Plain sailing and stormy waters
Translation work was coming in and for a while things seemed to be set fair. Then the vessel started to ship water. 1992 might have been a watershed for European integration, but for the UK it brought a devastating recession. Our new company, now baptised with its present name, Anglia Translations, managed to survive, mainly because we had few overheads (my mortgage being the major component), but business was slow and difficult to come by. Battening the hatches seemed the appropriate response. These were painful months.
In days gone by, one of my former bosses said to me that “if you do the right thing, things will turn out right.” Such aphorisms are all very well but they are absolutely no help at all when you are wondering where the next mortgage payment is coming from. But my former boss was proved right. We didn’t do anything silly during those difficult months, we beavered away, contacted new clients, and provided, we thought, a good service.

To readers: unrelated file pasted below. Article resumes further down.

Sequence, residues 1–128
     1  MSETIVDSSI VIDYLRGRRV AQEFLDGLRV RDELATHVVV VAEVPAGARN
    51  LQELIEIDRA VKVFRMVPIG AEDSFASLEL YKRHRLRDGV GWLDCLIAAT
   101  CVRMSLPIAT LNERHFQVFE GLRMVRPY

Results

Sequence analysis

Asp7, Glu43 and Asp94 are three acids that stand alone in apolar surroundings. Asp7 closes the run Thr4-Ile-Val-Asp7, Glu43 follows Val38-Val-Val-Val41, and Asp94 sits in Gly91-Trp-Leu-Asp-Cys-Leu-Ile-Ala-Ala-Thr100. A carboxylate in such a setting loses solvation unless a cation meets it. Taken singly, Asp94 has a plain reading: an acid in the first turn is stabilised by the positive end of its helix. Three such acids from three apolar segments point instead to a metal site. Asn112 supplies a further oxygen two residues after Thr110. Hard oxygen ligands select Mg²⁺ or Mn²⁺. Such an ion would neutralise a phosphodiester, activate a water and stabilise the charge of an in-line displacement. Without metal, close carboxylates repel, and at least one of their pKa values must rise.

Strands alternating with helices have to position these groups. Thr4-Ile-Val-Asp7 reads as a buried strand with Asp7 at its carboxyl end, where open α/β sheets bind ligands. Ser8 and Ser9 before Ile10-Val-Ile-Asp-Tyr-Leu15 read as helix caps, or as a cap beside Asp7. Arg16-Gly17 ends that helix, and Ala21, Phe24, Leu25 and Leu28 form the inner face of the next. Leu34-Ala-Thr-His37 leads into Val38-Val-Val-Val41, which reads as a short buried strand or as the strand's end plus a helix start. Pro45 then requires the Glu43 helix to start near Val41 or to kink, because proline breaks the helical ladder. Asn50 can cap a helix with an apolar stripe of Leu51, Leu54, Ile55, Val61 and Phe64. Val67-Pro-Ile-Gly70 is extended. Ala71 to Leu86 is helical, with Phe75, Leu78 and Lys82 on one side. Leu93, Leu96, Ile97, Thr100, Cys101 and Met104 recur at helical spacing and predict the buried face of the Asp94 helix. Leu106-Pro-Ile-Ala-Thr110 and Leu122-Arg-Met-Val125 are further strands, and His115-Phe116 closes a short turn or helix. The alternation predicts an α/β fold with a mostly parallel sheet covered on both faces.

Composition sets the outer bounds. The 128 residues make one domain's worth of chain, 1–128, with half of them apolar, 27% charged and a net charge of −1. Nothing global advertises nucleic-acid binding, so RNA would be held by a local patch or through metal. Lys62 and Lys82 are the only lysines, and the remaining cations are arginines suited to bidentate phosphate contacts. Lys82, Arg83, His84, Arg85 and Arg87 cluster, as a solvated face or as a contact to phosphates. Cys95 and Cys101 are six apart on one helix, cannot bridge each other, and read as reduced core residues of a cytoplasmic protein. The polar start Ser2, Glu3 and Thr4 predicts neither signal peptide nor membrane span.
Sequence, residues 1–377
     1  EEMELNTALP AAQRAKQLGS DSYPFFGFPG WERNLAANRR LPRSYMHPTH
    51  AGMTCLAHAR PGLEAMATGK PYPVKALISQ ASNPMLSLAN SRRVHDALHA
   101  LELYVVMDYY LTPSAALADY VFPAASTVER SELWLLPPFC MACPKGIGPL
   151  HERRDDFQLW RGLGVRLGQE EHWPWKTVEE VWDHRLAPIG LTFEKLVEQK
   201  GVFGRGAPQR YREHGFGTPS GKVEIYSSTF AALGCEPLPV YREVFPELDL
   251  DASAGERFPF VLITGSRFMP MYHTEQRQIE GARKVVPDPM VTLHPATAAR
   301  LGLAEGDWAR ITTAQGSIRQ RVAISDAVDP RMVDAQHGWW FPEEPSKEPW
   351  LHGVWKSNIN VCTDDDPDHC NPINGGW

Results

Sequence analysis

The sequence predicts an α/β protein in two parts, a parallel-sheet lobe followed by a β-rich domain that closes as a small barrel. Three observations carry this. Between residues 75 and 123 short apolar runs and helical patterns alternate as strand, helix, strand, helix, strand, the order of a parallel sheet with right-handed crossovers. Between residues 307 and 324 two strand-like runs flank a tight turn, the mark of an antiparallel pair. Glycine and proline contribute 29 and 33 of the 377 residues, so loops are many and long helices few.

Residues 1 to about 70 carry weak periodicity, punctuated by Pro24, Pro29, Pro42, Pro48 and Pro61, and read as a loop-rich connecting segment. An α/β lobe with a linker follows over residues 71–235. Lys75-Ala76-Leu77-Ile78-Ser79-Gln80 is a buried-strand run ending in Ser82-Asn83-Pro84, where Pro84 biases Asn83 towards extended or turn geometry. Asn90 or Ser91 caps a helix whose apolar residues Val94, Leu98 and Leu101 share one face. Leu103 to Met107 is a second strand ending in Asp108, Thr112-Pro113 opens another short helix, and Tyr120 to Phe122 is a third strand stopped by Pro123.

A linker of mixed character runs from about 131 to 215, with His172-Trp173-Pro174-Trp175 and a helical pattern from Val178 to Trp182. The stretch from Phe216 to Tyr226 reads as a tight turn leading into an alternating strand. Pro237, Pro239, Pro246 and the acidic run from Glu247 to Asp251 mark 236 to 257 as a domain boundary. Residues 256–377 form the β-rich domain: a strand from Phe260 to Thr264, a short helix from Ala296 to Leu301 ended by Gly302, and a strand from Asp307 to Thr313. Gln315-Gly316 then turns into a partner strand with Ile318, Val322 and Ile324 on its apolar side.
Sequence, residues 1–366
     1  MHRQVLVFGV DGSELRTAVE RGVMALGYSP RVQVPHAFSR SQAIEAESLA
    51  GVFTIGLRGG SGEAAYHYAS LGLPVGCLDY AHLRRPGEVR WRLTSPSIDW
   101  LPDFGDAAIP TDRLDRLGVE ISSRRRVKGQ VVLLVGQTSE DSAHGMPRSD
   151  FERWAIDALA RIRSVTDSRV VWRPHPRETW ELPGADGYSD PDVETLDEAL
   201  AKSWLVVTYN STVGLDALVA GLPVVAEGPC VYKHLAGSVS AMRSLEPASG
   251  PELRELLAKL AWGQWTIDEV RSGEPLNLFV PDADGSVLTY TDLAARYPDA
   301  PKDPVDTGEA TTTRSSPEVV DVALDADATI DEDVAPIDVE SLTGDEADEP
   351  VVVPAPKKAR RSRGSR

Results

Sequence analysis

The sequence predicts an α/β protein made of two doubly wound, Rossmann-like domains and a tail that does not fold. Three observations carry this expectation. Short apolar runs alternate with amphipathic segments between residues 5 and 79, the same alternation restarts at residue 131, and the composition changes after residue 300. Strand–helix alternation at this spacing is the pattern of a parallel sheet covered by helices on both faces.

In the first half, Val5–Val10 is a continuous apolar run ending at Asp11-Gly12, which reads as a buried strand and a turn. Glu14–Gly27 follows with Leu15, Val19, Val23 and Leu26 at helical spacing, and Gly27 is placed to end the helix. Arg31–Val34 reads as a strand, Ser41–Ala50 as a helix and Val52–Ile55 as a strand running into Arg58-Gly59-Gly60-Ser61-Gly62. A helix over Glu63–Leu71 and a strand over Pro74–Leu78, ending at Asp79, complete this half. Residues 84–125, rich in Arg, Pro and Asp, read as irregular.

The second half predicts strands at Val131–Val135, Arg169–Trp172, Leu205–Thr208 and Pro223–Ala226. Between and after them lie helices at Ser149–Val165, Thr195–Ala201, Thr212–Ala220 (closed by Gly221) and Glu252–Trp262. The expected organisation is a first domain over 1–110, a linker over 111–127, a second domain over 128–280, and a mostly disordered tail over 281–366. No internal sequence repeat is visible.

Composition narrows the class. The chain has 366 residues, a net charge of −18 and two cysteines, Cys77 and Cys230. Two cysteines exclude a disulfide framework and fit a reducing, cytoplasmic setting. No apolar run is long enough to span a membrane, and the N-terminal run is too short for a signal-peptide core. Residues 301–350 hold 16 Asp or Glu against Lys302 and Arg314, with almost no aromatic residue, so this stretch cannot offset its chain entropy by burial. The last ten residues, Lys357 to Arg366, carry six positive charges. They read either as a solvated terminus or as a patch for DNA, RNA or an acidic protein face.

It was at this time that the “I” became “we” when I joined forces with an experienced translator and together we rented a modest office in Huntingdon, where we are still located. My partner was forced to leave shortly after, for personal reasons, and now the dilemma was whether to take on an employee, with all that this involves with tax and legal issues. The step was taken and for the first time, Anglia Translations became a separate entity, although of course still very much my baby.
Economic confidence returned, and with it a welcome infusion of new work and new clients which brought fairly and squarely up against our next two problems: finding translators, and establishing quality criteria.
(to be continued)